This paper reflects the research and thoughts of a student at the time the paper was written for a course at Bryn Mawr College. Like other materials on Serendip, it is not intended to be "authoritative" but rather to help others further develop their own explorations. Web links were active as of the time the paper was posted but are not updated.
2003 First Paper
Synesthesia is defined as the sensation produced at a point other than or remote from the point of stimulation, as of a color from hearing a certain sound. (From the Greek, syn=together+aesthesis=to perceive).
In common language synesthesia is an involuntary blending of the senses by some people, which allows them to see colors when looking at numbers, for instance.
This is a topic that was introduced over a century ago, but has not been taken serious until recently with the development of tests capable of testing whether or not the condition was real. Previously, scientists thought that this was a figment of the imagination, drug abuse, or in its most concrete form one of memory. As if seeing a number paired with a color, say in early childhood was the reason that a person paired them later on in life. There was also the theory that these people were very creative and when they said that they could taste a shape, it was only an unconventional metaphor.
However, thanks to in depth pursuit of this topic by scientists, especially Ramachandran and Hubbard the validity of such statements has been proven. One test they developed to test the ability of people to pair colors with the site of ordinary numbers involved printing up sheets with similar numbers, like 2 and 5. Many people claimed to see a certain color when presented with the number 2 and a different color when shown 5.
The 2's and 5's were arranged in such a way that one number formed a distinct shape in the midst of the jumble of the other number. A non-synesthetic would be incapable of distinguishing any pattern due to the close resemblance of the numbers. But, in 90% of the cases where people claimed to see colors they were easily able to discern the shape because it registered stood out for them as a completely different color.
One wonders what takes place in the brain to cause such phenomenal differences in perception. The cause is unknown for certain, like many things in the realm of science it has not been researched nearly enough, but there are some indications.
The merging of certain senses points to a crossing of signals in the brain. Although the theory is an old one, it has come to the forefront of the scientific researcher's minds, with increased focus on the topic. Perception of the five senses has a lot to do with the brain's lobes. The color receptors send their signals to the occipital lobe that controls sight, sound goes through the temporal and touch through the parietal. Although these lobes are distinct, they are located very closely together, and there is even a (TPO) juncture above the lobes where signals from different lobes meet. Therefore, it would not be a leap of faith to assume that signals for color can get mixed up within the TPO where numerical computation functions. This mix up would be considered "higher" synesthesia, as opposed to "lower" synesthesia that takes place in the occipital lobe where both color and the visual appearance of numbers reside together.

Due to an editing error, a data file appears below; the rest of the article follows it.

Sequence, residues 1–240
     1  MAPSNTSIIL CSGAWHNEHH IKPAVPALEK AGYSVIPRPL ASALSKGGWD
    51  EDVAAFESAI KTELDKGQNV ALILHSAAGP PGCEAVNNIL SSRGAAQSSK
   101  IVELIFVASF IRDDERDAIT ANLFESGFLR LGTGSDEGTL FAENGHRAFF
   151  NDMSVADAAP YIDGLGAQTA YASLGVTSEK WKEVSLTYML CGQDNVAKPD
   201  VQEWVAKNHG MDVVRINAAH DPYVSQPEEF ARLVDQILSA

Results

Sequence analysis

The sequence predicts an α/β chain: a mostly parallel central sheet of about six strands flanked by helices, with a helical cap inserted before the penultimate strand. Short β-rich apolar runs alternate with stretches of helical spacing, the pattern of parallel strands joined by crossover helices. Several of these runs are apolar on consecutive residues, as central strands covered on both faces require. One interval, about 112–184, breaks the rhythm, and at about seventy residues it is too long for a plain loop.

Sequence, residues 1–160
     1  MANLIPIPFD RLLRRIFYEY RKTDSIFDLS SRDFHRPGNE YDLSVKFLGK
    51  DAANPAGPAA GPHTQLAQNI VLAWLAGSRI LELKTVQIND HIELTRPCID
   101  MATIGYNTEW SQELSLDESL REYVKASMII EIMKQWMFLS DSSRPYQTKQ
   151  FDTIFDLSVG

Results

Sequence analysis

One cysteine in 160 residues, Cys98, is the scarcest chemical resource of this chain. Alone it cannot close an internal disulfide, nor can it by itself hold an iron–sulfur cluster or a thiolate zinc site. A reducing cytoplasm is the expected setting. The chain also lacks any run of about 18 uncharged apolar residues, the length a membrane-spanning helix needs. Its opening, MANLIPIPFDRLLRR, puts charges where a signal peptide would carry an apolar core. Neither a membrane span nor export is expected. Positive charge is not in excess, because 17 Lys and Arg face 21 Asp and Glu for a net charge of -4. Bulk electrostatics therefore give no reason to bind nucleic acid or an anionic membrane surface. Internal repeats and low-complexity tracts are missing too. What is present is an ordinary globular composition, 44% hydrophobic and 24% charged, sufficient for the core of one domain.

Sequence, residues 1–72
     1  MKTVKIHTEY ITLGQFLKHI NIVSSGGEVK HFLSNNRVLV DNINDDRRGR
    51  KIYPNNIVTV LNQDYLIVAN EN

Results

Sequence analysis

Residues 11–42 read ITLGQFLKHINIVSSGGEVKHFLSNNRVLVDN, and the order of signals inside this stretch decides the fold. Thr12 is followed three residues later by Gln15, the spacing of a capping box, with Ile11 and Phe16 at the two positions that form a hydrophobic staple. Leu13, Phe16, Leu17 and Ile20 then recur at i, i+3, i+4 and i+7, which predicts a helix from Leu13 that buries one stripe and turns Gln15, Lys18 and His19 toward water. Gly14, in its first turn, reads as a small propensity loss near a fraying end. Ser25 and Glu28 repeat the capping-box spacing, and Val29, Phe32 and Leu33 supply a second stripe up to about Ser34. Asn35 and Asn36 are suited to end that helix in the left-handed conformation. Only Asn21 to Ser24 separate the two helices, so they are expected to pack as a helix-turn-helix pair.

Much of the initial observations made by scientists were that cross-wiring was a physical action that took place in the brain, but upon deeper probing have decided that cross wiring could be a chemical action too. Some chemicals inhibit others and therefore cause a chain reaction where a region in the vicinity of an inhibiting region would also be affected. This could happen between distant brain regions as well, but nothing has been proven yet. If distant regions could affect one another, it might be a reason for the intermingling of senses and perceptions that are physically distant from one another in the brain.
What does all this technical stuff mean for someone like me and you? Well, I think that this subject will have a ripple effect on other currently undiscovered topics that concern the brain. The author of one of my articles said that there could be a link to creativity and the mixing of senses, as well as find out if seemingly random perceptual commonalities in people with synesthesia actually have a logical connection. I became fascinated by the effect this topic could have on the arts. I am English major and a poet.
What if one day the exact relationship between the senses and their mingling were discovered. Could I produce poetry that was edible, could a person taste a rainbow like they say on all those Skittles' commercials? Would a greater understanding of other people be fostered if we could somehow touch their pain?
The last one was a big jump from the current evidence that is out there, but we can't think of science on a yearly scale, a right now immediate scale, but rather in terms of decades or centuries. In the thirties who would have thought that dishes could wash themselves?
Back to the Synesthesis, I found a fascinating poem by Arthur Rimbaud; where he discusses the taste of purple and the smell of black as reflected by blood and flies respectively. And he wrote in the 17th century. But, the most interesting discovery I made was from a Hebrew Medical Faculty man by the name of Zvi Rosenstein. He traced Synesthesia back 3313 years to the moment when the Hebrews received the Torah on Mount Sinai. In the old testament of the Bible (Exodus, 20, 18) it says that when the Ten Commandments were given all of the people saw sounds and heard images.
How is that for every thing in science being traced back to one?
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